The pre-nationalisation number series did continue to see some use under BR. Coaches and multiple units ordered by the previous companies were delivered to BR with their originally planned numbers (albeit now with an origin suffix letter). EMUs to Southern Railway design continued to be built for some years, often at the same time as equivalent trains to BR designs.
Most coaches built by (or for) British Railways, including those formed into multiple-units, were numbered in the new series, with regional allocation prefixes and no suffixes. The number series was organised into blocks for different groups of coaches, as follows:
Each of these blocks was further divided into particular types, generally starting at numbers ending in 00. For example, numbers from 3000 upwards were for Open First coaches, 3500+ for Open Seconds and 3700+ for Open Thirds. As an aside, second class was something of a rarity by this time, being mainly used only on boat trains. In 1955 it was abolished, and third class was renamed second class. Most references to coach types on this website use the post-1955 designations, even if the coach was built before then.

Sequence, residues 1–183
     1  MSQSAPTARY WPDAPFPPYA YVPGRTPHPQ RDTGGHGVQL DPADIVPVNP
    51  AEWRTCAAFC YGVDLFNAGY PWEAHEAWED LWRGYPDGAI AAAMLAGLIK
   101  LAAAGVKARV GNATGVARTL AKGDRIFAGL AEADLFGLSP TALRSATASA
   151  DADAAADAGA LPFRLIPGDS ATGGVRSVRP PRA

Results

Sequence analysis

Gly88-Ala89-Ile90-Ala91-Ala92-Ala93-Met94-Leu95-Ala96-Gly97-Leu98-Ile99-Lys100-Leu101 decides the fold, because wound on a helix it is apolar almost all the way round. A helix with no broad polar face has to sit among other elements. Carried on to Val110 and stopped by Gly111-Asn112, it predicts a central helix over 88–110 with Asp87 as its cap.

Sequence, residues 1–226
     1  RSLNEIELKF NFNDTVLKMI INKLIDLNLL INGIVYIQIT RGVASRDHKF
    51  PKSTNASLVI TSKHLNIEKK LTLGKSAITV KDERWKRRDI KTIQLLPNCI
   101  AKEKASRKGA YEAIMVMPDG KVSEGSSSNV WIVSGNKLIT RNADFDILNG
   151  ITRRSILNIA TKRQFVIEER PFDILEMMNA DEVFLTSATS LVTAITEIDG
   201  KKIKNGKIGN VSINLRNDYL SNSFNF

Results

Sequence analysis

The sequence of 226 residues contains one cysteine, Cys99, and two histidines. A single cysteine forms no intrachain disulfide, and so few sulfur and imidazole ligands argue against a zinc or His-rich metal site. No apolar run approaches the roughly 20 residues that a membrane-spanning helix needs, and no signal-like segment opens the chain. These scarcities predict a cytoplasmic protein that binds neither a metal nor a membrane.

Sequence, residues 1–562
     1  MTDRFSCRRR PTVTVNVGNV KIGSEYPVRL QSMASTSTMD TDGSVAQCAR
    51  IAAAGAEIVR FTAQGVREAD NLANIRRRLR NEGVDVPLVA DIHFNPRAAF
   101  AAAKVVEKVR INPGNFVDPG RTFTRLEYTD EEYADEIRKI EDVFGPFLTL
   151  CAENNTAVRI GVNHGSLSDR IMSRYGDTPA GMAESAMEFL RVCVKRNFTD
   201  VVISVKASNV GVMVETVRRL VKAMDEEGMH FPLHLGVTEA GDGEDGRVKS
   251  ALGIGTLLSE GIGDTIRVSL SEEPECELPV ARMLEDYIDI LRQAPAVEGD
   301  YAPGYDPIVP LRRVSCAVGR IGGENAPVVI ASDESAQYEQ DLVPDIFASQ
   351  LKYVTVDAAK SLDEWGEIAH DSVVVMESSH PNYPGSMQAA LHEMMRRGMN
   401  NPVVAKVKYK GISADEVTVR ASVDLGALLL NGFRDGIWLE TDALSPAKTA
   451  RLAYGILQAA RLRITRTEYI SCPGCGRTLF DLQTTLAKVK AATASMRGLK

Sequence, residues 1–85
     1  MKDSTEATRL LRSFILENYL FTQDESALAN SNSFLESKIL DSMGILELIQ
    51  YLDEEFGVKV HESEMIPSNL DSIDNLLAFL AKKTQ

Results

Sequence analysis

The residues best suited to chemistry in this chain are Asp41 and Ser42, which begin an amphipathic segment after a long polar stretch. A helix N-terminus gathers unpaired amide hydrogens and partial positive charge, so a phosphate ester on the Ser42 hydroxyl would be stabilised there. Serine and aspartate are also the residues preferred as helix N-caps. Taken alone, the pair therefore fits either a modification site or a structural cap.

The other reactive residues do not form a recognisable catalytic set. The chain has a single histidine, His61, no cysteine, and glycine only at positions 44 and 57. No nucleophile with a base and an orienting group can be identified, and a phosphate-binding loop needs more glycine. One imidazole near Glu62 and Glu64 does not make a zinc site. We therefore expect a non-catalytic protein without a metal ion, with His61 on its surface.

Changes in the 1950s, 1960s and 1970s
The first major change to the numbering policy took place in 1955. Diesel Multiple Units were being introduced and were initially numbered in the 79xxx range. When the decision was made to build up a large fleet of these vehicles, the 5xxxx number series was allocated. Only a couple of batches of non-gangwayed coaches had been built with 5xxxx series numbers and these were amended to 4xxxx to make space.
The numbering system remained largely the same throughout the 1960s, with new builds of coaches continuing to use the existing series even as the designs progressed from Mk1s into the various Mk2 models. When the HST (High Speed Train) and its Mk3 coaches was introduced in 1972 a new series was started using numbers in the 10xxx (catering), 11xxx (first class) and 12xxx (second class) ranges.
Loco-hauled Mk3 coaches followed from 1975 onwards and made use of the same series, although at about the same time the original HST was reclassified as a multiple-unit and its coaches were renumbered in 40xxx, 41xxx and 42xxx ranges. The power cars were originally classified as locomotives with numbers 41001 and 41002, but were renumbered as 43000 and 43001. Note that numbers ending in 000 are allowed for coaching stock but not for locos. Also, many of the 4xxxx numbers had previously been used on non-gangwayed coaches, since withdrawn. The production HSTs built from 1976 onwards continued the use of 4xxxx numbers. Ironically the change of power car categorisation was reversed sometime in the 1980s, after which they were considered to be locos of class 43. No changes to numbers were involved this time.